Saturday, September 11, 2010

Book Review: Hawk of May

Title: Hawk of May
Author: Gillian Bradshaw
Publisher: Sourcebooks
Pub Date: September 2010
ISBN: 978-1-4022-4070-6
Pages: 384
Genre: Historical Fiction/Fantasy

From the Publisher:
Framed by historical realism, Gillian Bradshaw expertly weaves convincing magical elements into her fantastic tale of Gwalchmai, the Hawk of May. Son of the beautiful, infinitely evil sorceress Morgawse, nephew to King Arthur, Gwalchmai is forced to choose between his mother's path to Dark power and Arthur's empire of the Light.

Gwalchmai, more familiar to readers as Gawain, is known as one of the most respected warriors of King Arthur's reign and one of the greatest champions of all time. But Gwalchmai was not born a brilliant warrior. Showing no talent for fighting, his father, King Lot, favors his older brother. Desperate for a path in life, Gwalchmai turns to his sorceress mother and asks her to learn the dark magic. Scared, Gwalchmai continues lessons with his mother because he has no other choice-until he discovers his innocent, talented younger brother Medraut is following his example on the night of a human sacrifice.

Gwalchmai flees to his solitary place on the seaside. There, he encounters an otherworldly boat, which takes him to the god Lugh of the Longhand. Light and goodness, in the magical realm of Lugh, accepts him. Lugh gives Gwalchmai a precious magical sword, and entreats him to join Arthur's warband as a warrior of Light. But fulfilling Lugh's wishes is more difficult than expected, as the Darkness is very strong...

About the Author:
I was born in 1956 in Washington DC, second daughter of an English mother and an American father. I grew up in Washington, Chile, and Michigan. At the University of Michigan I did joint honors in English and Classics, and won the Hopwood Award for Fiction, the Bain-Swigett Prize for poetry in traditional form, and the Phillips Prize for Classical Greek. From U of M I went to Newnham College, Cambridge, in the UK, to read Classics. I sold my first novel while I was supposed to be revising for my final exams; revision suffered, but I still managed a 2-1. I liked Cambridge very much, so decided to stay on for another year while working on another novel. Then, like many another woman, I Met a Man. He was working on his PhD in Physics. The following year he had a position as a post-doc in Paris, and I discovered a pressing need to learn French. We've been married 28 years now, quite blissfully. We went from Paris to California, then back to Cambridge for a long time. We are currently based in Coventry and the University of Warwick. We have four children and one grandson (exceptional for beauty and intelligence, of course! Am I a doting granny? You better believe it!) We live in Coventry, have a garden and a dog, and go walking in the country a lot.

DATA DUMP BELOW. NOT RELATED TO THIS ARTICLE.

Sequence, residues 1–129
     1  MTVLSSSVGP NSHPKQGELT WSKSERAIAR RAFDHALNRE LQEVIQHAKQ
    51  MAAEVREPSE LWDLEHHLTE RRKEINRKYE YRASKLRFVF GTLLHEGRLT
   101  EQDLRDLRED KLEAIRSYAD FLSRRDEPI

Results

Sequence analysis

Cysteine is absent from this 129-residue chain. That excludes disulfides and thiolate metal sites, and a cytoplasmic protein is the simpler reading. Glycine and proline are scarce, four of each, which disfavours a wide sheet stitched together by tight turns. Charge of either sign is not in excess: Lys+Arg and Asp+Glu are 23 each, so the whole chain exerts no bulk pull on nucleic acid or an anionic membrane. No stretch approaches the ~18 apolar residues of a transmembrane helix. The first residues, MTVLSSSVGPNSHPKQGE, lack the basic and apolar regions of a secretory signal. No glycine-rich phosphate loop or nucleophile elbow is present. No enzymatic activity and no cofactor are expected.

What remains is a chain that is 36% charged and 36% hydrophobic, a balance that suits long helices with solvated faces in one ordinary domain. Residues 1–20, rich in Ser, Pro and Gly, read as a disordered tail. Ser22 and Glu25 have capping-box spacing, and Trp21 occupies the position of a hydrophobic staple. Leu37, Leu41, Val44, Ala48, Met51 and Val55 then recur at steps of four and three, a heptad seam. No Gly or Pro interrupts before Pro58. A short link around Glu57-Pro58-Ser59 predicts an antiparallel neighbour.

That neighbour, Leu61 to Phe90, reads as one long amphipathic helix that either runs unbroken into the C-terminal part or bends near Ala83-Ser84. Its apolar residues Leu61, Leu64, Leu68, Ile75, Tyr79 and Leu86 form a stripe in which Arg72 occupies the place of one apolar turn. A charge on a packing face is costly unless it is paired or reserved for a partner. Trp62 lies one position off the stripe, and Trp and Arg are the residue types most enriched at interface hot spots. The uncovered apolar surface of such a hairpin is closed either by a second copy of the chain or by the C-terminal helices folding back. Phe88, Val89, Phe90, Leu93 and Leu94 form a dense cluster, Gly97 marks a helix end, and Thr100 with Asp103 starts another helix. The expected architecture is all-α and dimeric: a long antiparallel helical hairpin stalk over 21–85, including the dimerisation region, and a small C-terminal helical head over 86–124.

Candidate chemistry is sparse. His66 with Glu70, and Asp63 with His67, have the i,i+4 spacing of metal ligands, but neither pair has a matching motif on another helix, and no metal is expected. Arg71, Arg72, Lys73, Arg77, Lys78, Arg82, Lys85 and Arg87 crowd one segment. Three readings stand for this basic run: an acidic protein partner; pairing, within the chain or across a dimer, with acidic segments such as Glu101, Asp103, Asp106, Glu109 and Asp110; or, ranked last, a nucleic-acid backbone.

My review:
I love anything related to Britain and can't seem to read enough about the history of the area. I think, perhaps, that is one reason I am fascinated with the stories of King Arthur and I jumped at the chance when offered a copy of this book. The Hawk of May is the first book of a trilogy and was first published in 1981 and won the Hopwood Award for fiction and launched Bradshaw's career, and is now being republished.

I was captivated by the author's writing and her perspective of using a main character other than King Arthur to tell a story related to him. The book is stock full of adventure, magic, and struggles and leaves you feeling like you are one of King Arthur's retinue. It is a classic story of choice, choosing between a life of good or evil and the path Gwalchmai takes to decide his future. The book is fast paced and before I knew it, I was at the last page. I thoroughly enjoyed a new take on the King Arthur legends and I hope you will all check it out.

No comments:

Post a Comment